It took less than 24 hours for Hurricane Katrina to destroy nearly 1.3 million trees in South Mississippi landscapes, and those trying to replant are hoping to restore the tree-filled skyline as quickly as possible.
The Land Trust for the Mississippi Coastal Plain and the Sun Herald joined forces in February 2006 to create the Replant South Mississippi Partnership. The organization has received more than $620,000 in grants and donations to purchase and plant native hardwood trees in communities in the heavily damaged Harrison, Hancock, Jackson, Pearl River, Stone and George counties.
Judy Steckler is executive director of the Land Trust, the organization spearheading Replant South Mississippi.
"Immediately after Katrina, the Land Trust set the goal of replanting 300,000 trees," Steckler said. "Through Replant South Mississippi and tree give-away programs through other organizations, we are getting close to that number, but we’re still working to replant the Coast."
Replant South Mississippi has worked to replace trees in public areas, but the emphasis is on giving trees to homeowners to plant on their own property. Community give-aways have been held in several Coast communities, and Steckler said no fewer than 1,200 trees have been given away at any one of these events.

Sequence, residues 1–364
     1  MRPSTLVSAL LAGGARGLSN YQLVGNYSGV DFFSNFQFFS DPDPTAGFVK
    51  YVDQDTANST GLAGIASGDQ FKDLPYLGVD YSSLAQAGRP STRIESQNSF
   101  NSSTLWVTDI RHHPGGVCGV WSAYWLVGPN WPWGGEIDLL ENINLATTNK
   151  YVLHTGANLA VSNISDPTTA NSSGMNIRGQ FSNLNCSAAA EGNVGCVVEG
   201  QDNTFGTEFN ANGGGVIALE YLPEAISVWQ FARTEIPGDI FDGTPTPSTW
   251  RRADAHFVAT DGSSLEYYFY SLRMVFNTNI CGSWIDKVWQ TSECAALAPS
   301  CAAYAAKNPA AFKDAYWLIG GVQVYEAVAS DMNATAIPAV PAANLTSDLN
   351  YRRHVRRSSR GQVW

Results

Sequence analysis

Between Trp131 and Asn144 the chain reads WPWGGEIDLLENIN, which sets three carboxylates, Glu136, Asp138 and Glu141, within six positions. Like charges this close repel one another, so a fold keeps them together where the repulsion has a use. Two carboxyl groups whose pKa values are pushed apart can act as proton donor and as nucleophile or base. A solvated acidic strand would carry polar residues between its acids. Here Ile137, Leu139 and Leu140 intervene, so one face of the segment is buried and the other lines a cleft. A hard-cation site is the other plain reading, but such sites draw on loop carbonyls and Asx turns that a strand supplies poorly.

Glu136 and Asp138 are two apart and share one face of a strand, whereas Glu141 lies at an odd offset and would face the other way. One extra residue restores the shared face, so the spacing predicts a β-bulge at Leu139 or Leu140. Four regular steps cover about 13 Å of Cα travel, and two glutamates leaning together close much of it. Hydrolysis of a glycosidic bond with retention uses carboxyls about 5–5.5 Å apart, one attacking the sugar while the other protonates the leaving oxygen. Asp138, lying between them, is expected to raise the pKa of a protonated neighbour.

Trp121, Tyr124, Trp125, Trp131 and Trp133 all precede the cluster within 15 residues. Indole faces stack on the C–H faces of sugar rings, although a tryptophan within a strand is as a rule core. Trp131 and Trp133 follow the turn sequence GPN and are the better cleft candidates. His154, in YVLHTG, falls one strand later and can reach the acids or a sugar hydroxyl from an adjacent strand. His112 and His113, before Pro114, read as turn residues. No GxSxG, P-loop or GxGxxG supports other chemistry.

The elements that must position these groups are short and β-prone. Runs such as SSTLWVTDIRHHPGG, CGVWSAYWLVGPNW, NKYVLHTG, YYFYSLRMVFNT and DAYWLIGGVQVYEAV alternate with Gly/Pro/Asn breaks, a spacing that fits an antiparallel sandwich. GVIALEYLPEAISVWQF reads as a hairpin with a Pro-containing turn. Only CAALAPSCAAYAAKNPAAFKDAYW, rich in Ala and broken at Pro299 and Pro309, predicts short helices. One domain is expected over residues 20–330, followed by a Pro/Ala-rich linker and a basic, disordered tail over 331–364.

"Hurricane Katrina didn’t just damage parks and city or county property. Everyone lost when our trees everywhere were damaged and destroyed," Steckler said. "We want to see this urban canopy replaced in our lifetime."
The goal of the replanting effort is to replace native trees to again beautify the area. These trees often take decades to grow and contribute to the landscape, so organizers turned to some fast-growing varieties to speed up the process.
Replant South Mississippi is planting many Root Production Method, or RPM, trees. These are native varieties that have been enhanced to grow much faster than normal. Steckler said in five years, the RPM trees are supposed to grow to the size of a regular 20-year-old tree.
Glenn Hughes, forester with the Mississippi State University Extension Service, has helped plant several thousand RPM trees as part of Replant South Mississippi. He also created 12 demonstration plantings to help landowners see how they can replant trees in their own areas.
"We’re using 11 species of native trees, and we’re scattering these demonstration plantings throughout the hurricane-damaged areas," Hughes said.
Hughes said landowners applied to have their land become demonstration sites. In return, they have granted MSU access to their property to see how the trees are performing and to bring others in to see the results in a future field day.